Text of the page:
Most of the Griffiths’ text messages to each other and journals were written in French. The texts and the Google search histories of Timothy and Jessica Griffith pointed to troubled pasts by both, as well as a cooperative effort to carry out the murder-suicide, the report states.
In a text to her husband in October 2016, Jessica Griffith mentioned two illnesses.
“I have found multiple text messages from Jessica to Timothy about not feeling well and having headaches. Timothy suggested that Jessica go to a doctor. In Jessica’s replies she seems adamant about not going to see any more doctors,” an investigator wrote later in the report.
On Oct. 30, 2017, Jessica Griffith sent an email to her husband that included a link to a Swiss ovarian cancer website, the report states. She also sent an email to her daughter from her previous marriage asking for forgiveness for abandoning her.
In the days leading up to the murder-suicide, the couple exchanged a series of texts that seemed to talk about their plan, her illness and his infidelity, the report states.
“My head and stomach really hurt now. We will never be separated and love for eternity,” the woman wrote in a text on Oct. 25.
“Don’t have to worry about paying bills,” the man said in a text on Nov. 2.
In another text on Nov. 3, the two talk about Timothy Griffith exchanging sexually explicit messages and pictures with women on Craigslist. “Yes I’m sad. … I see the woman I love dying before my eyes … telling me to go with someone else,” he wrote, according to the report.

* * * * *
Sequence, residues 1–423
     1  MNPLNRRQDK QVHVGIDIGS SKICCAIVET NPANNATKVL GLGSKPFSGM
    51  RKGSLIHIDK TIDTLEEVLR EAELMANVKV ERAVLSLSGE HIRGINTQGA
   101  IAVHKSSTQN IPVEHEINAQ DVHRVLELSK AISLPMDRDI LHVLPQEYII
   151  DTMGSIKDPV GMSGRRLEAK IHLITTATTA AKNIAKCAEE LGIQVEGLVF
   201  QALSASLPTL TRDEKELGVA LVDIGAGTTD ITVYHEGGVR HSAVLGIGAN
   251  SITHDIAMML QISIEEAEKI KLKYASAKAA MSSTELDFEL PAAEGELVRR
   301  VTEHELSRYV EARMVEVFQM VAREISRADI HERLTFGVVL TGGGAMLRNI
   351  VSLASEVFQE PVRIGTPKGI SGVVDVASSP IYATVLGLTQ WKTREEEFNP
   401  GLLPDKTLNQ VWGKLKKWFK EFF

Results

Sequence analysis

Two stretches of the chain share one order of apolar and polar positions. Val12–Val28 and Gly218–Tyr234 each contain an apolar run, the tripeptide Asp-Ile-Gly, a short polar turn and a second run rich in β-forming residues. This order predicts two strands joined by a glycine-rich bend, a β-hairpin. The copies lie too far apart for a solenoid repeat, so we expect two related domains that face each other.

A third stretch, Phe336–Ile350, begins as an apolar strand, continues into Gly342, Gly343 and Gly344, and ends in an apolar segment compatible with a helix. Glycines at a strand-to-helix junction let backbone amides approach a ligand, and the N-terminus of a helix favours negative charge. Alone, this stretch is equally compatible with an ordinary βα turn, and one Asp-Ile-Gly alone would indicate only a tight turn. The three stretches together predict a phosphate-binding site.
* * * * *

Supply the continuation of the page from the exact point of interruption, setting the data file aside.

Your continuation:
The Griffiths also talk about when to carry out their plan, wondering whether to do it right after Thanksgiving or on Christmas Day.
Police also noted the web search histories of Timothy and Jessica Griffith. He began searching for guns and rifles on the web as early as July of 2017, the report states. On Oct. 25, some of Griffiths’ searches included questions about shooting people.
Jessica Griffith’s web searches included many ovarian cancer references, in addition to “man who kills family,” the report states.
According to a search warrant unsealed in January, detectives learned that “Jessica has suffered with depression. … I have also learned from family that Timothy Griffith was a violent person and may have also been suffering from mental illness.”
In the days leading up to their deaths, the couple reached out to estranged family members and ex-spouses, most of whom live in Switzerland, with emails.